- Nigel M Smith
The Criterion Collection has come to celebrate the return of Whit Stillman, whose latest feature Damsels in Distress was his first in over a decade, by releasing two of his earlier films on Blu-ray: 1990’s Metropolitan, and 1998’s The Last Days of Disco. Both are great films, and showcase one of the great voices in independent cinema in the 90’s. We’re glad to have him back, and we’re happy to have these two films on Blu-ray. Our reviews follow after the jump. Even in 1990, Whit Stillman's Metropolitan was a picture out of its time. In following the then-dying preppy scene (here coined the "Upper Haute Bourgeois") and the droll parties they throw, it was a portrait of crumbling aristocracy, but done in a way that showed how human these people are. Ironically, it's arguable that debutante culture has had a renewed resurgence in the mainstream due to »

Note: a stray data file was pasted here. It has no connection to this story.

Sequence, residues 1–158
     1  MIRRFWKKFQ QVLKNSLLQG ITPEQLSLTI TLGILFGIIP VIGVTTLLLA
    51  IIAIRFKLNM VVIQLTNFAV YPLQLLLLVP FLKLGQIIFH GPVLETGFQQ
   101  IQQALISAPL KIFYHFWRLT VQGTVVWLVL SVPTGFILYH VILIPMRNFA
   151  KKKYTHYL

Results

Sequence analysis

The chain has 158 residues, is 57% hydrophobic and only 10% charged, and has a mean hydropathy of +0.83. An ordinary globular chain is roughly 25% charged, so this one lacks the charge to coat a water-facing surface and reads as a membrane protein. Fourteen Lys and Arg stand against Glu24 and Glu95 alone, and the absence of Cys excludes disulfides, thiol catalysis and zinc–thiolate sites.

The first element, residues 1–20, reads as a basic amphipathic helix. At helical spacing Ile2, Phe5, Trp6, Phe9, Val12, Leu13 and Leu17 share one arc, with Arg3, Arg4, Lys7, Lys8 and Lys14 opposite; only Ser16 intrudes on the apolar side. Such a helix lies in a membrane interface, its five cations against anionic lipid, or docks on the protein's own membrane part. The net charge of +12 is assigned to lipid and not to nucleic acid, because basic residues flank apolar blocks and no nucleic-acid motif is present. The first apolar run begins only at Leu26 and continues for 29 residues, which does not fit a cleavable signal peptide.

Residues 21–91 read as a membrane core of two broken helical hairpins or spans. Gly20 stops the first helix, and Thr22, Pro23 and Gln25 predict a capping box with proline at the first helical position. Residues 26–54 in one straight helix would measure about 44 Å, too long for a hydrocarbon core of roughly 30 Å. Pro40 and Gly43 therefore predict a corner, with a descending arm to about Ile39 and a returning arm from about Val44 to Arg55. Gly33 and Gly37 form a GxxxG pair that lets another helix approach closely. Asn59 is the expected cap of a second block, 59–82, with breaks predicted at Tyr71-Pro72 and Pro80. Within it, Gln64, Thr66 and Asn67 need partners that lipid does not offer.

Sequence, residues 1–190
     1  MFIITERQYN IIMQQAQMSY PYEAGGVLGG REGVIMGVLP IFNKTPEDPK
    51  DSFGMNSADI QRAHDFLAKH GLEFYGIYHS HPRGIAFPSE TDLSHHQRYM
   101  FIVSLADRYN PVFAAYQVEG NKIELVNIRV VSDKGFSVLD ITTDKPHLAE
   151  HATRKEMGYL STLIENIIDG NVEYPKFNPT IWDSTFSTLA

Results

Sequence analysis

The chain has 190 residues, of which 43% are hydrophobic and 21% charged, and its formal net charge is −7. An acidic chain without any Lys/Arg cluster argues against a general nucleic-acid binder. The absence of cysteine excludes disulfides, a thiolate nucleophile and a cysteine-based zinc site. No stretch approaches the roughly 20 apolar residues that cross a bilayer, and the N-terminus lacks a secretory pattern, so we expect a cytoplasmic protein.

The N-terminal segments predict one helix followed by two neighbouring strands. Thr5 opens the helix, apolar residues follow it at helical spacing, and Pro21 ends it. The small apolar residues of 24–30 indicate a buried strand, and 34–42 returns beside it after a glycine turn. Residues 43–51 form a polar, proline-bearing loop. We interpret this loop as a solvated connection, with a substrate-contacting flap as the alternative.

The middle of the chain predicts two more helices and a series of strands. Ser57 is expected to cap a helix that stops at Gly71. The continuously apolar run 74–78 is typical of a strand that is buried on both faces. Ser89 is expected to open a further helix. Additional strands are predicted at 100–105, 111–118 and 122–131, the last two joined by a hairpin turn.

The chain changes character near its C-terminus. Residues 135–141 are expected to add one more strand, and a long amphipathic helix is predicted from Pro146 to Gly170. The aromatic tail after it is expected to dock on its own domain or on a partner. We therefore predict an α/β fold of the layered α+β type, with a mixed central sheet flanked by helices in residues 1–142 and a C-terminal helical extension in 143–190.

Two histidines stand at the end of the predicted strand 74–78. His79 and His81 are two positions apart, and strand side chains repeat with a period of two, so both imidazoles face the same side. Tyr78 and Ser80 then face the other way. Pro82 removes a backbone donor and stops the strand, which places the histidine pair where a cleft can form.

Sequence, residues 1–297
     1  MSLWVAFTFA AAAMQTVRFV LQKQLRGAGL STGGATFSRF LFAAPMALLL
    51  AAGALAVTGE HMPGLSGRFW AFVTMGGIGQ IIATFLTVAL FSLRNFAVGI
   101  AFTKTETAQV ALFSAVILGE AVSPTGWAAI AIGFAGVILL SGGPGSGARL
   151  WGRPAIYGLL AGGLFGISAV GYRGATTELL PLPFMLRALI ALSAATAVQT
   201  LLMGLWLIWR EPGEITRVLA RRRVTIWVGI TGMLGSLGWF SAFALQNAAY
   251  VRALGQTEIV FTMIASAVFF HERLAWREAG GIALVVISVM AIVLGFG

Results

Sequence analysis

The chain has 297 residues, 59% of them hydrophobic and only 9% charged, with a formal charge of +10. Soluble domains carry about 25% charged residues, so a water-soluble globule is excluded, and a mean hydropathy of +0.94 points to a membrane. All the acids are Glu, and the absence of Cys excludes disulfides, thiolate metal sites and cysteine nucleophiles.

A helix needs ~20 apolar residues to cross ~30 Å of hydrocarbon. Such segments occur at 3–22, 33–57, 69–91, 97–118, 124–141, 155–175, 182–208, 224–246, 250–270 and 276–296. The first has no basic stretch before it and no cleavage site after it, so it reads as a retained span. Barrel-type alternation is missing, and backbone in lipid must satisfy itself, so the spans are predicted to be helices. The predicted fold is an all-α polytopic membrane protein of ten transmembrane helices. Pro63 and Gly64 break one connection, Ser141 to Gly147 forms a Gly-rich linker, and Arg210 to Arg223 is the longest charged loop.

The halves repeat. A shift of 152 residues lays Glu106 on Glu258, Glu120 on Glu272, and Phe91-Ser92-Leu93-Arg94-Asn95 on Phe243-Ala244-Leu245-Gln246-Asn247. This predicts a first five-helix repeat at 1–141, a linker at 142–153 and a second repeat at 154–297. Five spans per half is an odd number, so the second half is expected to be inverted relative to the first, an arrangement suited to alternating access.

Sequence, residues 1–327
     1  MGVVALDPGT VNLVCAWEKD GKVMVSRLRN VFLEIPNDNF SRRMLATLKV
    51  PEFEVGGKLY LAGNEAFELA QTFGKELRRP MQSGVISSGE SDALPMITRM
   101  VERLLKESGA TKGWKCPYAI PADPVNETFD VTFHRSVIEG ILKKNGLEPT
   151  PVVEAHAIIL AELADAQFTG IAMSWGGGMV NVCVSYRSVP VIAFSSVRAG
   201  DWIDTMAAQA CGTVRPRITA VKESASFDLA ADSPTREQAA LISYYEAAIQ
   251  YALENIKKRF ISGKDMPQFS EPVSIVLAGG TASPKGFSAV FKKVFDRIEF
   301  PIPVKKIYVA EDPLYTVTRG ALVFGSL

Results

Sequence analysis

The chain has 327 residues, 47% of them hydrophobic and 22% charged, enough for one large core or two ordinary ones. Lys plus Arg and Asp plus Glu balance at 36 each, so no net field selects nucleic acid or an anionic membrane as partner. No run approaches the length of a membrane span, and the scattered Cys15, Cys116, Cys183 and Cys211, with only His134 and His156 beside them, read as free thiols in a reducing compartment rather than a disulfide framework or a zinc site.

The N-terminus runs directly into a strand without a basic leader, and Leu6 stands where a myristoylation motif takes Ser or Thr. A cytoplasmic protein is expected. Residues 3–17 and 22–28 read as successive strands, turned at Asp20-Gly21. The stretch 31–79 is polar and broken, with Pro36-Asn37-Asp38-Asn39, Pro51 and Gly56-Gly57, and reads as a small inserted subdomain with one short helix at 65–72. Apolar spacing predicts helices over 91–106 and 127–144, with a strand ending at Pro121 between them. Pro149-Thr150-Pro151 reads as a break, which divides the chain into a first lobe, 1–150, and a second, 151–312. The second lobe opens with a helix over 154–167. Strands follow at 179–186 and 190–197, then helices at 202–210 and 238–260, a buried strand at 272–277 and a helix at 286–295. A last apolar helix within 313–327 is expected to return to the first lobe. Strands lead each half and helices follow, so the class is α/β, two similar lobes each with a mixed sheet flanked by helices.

- Andre Dellamorte
In the pantheon of subjects tailor-made to set alarms bell ringing, the spectre of kids killing kids for public entertainment presses all the right/wrong buttons. Constructed as a cross between Twilight and Battle Royale, with a hint of Series 7: The Contenders thrown in for good measure, The Hunger Games (2012, Lionsgate, 12) does a pretty impressive job of taking the bleakest possible dystopian fantasy set-up and reimagining it as a tweenage love triangle with a kick-ass heroine and a massive young adult fanbase.
In a totalitarian near-future, male and female youngsters from 12 potentially rebellious districts are forced to compete in a most dangerous game in which supplies are the prize and only one can survive. Presented to the public as disposable pop idols, each "tribute" is trained and manicured before being sent off into the woods to either kill or be killed. »
- Mark Kermode